School Board Members: “Frogs at the Bottom of a Deep Well”

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Late Sunday night yet another Trenton Board of Education  member resigned, leaving only four members of the nine-member, mayor-appointed group, one less than a quorum and, thus, unable to approve any district appointments, allocations, contracts, or programming initiatives. According to the Trenton Times, Roslyn Council sent in her formal letter of resignation to Trenton Mayor Eric Jackson, following the lead of Sasa Olessi-Montano and Mary Taylor Hayes, who both resigned earlier this summer. Another member resigned earlier in the year.

But not to worry: While the Times notes that “[i]n the meantime the school board will be unable to take action on any school district items with the start of the school year two weeks away,” the district attorney, Kathleen Smallwood Johnson said “there is nothing that is essential to the start of the school year that would require board approval.” Mayor Jackson will, accordingly, take his time and appoint new members  in “another week or so.”

Actually, at the meeting on Monday that was cancelled due to lack of a quorum, the published Agenda has 91 pages of recommendations,  including  approval of annual contracts with preschool providers,  a “Proposal for Bilingual/English as a Second Language Department for the 2014-2015 school year at a cost not to exceed $272,812.00,”  updated math curricula, and new supervision and intervention programs at various city schools intended to “provide students…with a safe environment before and after the regular school day.”

Reality check for Mayor Jackson and Ms. Johnson: school boards typically approve lots of agenda items during  the summer that “are essential to the start of the school year.” In fact, many boards schedule special meetings towards the end of the summer in order to assure smooth school openings.

Many of these items tend to be related to last-minute changes in personnel as unanticipated needs crop up.  Students with disabilities may suddenly need one-on-one assistants  (and there are 15 such appointments on Trenton’s Monday agenda that were never approved). Or there’s an enrollment surge or unexpected retirements  or building maintenance issues or new programming  that requires additional staff members and allocations. In all fairness, Trenton has a Fiscal Monitor and the long list of personnel changes listed on the Agenda are annotated with the phrase “administratively approved.” So maybe the school board in Trenton is otiose, which would reasonably  dissuade long-term board membership. Who wants to be a rubber stamp?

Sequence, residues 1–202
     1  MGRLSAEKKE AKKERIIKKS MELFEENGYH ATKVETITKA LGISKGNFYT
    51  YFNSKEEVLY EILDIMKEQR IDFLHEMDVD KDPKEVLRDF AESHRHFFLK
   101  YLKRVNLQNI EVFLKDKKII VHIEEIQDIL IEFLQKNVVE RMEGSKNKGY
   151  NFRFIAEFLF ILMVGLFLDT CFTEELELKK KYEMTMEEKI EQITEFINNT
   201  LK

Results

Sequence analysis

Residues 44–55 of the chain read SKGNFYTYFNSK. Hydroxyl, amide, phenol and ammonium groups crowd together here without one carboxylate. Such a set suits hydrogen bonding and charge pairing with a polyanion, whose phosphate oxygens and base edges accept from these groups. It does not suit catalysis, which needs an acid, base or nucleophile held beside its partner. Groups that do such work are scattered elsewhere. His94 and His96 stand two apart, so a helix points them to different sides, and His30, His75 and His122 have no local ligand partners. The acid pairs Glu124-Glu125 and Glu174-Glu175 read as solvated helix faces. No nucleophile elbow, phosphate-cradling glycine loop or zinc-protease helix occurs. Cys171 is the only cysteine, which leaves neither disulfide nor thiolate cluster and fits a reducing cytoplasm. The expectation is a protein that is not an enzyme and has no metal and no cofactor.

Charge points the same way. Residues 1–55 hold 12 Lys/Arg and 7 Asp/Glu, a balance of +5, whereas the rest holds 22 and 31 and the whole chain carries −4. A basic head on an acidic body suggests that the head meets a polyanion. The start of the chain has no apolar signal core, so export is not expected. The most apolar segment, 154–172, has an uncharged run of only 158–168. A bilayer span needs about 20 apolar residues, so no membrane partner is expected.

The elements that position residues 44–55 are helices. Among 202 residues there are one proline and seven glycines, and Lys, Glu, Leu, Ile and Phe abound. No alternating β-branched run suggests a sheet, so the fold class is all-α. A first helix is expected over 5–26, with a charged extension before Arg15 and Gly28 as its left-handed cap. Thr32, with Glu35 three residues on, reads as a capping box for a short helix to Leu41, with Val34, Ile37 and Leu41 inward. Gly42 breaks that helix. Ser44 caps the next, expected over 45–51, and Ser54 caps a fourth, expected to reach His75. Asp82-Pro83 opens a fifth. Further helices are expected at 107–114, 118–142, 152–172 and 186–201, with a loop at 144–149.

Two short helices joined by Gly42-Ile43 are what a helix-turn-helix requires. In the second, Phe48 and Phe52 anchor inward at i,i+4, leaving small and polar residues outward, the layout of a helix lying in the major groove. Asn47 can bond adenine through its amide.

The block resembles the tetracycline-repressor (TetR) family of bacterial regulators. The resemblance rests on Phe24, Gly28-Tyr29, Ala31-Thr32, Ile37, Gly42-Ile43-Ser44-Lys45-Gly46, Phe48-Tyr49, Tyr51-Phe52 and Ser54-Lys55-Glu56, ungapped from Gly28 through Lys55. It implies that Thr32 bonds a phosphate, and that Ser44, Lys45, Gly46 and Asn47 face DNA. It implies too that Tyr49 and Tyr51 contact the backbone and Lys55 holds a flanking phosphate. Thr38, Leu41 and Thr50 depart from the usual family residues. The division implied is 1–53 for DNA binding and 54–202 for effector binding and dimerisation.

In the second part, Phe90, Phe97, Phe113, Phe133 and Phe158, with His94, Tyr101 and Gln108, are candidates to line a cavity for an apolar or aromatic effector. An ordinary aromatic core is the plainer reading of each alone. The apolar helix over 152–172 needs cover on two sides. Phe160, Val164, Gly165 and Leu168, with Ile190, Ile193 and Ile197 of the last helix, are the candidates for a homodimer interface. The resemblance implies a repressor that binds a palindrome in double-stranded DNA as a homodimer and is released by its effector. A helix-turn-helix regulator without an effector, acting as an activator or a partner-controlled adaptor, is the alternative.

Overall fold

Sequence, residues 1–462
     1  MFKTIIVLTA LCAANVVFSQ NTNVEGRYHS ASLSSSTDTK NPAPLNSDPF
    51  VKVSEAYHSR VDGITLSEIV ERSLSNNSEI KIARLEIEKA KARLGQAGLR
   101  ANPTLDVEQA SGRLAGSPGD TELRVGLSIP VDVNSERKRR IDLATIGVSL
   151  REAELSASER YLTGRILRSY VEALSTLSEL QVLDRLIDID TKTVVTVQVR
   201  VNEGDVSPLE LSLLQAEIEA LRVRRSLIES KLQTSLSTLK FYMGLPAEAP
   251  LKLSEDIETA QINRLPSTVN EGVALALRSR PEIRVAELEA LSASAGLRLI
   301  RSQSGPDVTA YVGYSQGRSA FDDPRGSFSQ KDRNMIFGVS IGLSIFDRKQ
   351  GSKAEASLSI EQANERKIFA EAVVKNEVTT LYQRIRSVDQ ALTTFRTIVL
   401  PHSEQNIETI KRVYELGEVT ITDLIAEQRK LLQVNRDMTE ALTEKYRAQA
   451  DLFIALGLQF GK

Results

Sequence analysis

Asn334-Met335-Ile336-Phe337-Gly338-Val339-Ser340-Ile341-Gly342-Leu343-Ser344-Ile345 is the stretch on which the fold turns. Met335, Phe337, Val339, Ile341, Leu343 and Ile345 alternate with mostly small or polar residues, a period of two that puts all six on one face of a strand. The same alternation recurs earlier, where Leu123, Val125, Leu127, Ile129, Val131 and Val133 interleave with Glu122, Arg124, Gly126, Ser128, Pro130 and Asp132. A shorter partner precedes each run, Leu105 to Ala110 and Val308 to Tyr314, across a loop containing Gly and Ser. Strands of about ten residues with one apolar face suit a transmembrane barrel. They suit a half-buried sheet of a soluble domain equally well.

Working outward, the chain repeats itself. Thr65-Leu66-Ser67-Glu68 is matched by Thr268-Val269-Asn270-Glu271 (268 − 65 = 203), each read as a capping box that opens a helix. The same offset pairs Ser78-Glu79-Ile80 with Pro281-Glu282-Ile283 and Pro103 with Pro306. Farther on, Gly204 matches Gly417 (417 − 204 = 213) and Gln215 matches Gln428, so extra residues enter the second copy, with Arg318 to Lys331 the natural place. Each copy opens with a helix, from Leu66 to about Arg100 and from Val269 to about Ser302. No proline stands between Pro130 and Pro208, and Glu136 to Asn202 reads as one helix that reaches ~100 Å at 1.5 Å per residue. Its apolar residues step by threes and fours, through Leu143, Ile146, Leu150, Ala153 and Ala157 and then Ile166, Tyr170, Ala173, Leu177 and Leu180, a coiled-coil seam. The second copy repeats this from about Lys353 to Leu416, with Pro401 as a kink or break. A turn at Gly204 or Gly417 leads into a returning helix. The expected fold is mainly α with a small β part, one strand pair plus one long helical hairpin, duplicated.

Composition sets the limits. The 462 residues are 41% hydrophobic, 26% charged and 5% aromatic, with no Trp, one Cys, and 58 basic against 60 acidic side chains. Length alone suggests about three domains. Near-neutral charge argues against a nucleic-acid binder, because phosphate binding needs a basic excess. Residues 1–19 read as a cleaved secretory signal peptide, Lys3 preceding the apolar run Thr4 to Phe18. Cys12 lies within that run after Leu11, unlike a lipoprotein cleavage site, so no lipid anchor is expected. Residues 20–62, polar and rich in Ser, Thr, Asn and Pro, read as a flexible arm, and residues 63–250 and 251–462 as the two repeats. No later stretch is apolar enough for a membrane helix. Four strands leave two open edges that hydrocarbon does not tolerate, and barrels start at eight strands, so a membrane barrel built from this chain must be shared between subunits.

There’s a wonderful facebook page run by Jim Carlucci, otherwise known as “Trenton’s Irresponsible Blogger” (his own term of endearment).  Yesterday Carlucci posted the Trenton Times article and a former Trenton Board member, Bernard McMullen, commented,

Individuals join the board hoping to improve schools for all children. Instead, they get swept up in an unrelenting tidal wave of bureaucratic trivia until they can’t take any more and resign.

Seven board members are charged with being the community’s voice on the use of more than $300M annually by meeting twice monthly. That’s almost times the size of the municipal budget. The actual physical organization of the budget has little to do with education but everything to do with state reporting. It is virtually impossible to trace out whether or not a board policy has been implemented as expected.

If you look at the ‘organization hierarchy’ chart, the school board is always at the top — supposedly setting policy, assessing quality of implementation and benefits to students. However, the reality is that you feel like a frog at the bottom of a deep well trying to guess what is going on above based on leaves and birds flying by.

Many board members will read that final phrase – “a frog at the bottom of a deep well trying to guess what is going on above based on leaves and birds flying by” – and almost weep in commiseration. It doesn’t have to be that way, of course. In well-functioning districts, or at least those without powerful fiscal monitors, board members can learn over time to evolve from feckless amphibians to warm-blooded overseers.  Clearly, Trenton has a long way to go.

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